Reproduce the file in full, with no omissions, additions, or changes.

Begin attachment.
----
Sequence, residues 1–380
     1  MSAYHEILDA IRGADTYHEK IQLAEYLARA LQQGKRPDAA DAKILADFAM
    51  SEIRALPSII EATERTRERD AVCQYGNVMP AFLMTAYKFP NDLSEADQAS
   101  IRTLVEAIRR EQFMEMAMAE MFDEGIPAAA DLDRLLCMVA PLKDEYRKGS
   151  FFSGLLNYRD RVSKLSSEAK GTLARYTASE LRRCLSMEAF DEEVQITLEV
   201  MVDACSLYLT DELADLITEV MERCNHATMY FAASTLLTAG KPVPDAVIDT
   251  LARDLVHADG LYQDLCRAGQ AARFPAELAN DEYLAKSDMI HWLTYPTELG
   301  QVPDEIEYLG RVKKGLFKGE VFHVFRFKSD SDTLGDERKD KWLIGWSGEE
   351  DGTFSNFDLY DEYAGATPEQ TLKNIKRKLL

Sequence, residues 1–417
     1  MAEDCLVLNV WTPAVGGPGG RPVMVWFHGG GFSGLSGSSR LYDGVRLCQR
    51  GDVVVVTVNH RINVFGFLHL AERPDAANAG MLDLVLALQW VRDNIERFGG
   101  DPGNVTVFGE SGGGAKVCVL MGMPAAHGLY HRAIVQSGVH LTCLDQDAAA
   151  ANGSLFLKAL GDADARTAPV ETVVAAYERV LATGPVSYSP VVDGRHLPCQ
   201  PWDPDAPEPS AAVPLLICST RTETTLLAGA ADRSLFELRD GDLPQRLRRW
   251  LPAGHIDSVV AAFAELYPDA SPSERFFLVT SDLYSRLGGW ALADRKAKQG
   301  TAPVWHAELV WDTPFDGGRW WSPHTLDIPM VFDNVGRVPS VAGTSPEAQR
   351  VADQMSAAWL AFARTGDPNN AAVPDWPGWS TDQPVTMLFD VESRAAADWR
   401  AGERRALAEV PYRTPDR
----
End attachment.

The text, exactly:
Sequence, residues 1–380
     1  MSAYHEILDA IRGADTYHEK IQLAEYLARA LQQGKRPDAA DAKILADFAM
    51  SEIRALPSII EATERTRERD AVCQYGNVMP AFLMTAYKFP NDLSEADQAS
   101  IRTLVEAIRR EQFMEMAMAE MFDEGIPAAA DLDRLLCMVA PLKDEYRKGS
   151  FFSGLLNYRD RVSKLSSEAK GTLARYTASE LRRCLSMEAF DEEVQITLEV
   201  MVDACSLYLT DELADLITEV MERCNHATMY FAASTLLTAG KPVPDAVIDT
   251  LARDLVHADG LYQDLCRAGQ AARFPAELAN DEYLAKSDMI HWLTYPTELG
   301  QVPDEIEYLG RVKKGLFKGE VFHVFRFKSD SDTLGDERKD KWLIGWSGEE
   351  DGTFSNFDLY DEYAGATPEQ TLKNIKRKLL

Sequence, residues 1–417
     1  MAEDCLVLNV WTPAVGGPGG RPVMVWFHGG GFSGLSGSSR LYDGVRLCQR
    51  GDVVVVTVNH RINVFGFLHL AERPDAANAG MLDLVLALQW VRDNIERFGG
   101  DPGNVTVFGE SGGGAKVCVL MGMPAAHGLY HRAIVQSGVH LTCLDQDAAA
   151  ANGSLFLKAL GDADARTAPV ETVVAAYERV LATGPVSYSP VVDGRHLPCQ
   201  PWDPDAPEPS AAVPLLICST RTETTLLAGA ADRSLFELRD GDLPQRLRRW
   251  LPAGHIDSVV AAFAELYPDA SPSERFFLVT SDLYSRLGGW ALADRKAKQG
   301  TAPVWHAELV WDTPFDGGRW WSPHTLDIPM VFDNVGRVPS VAGTSPEAQR
   351  VADQMSAAWL AFARTGDPNN AAVPDWPGWS TDQPVTMLFD VESRAAADWR
   401  AGERRALAEV PYRTPDR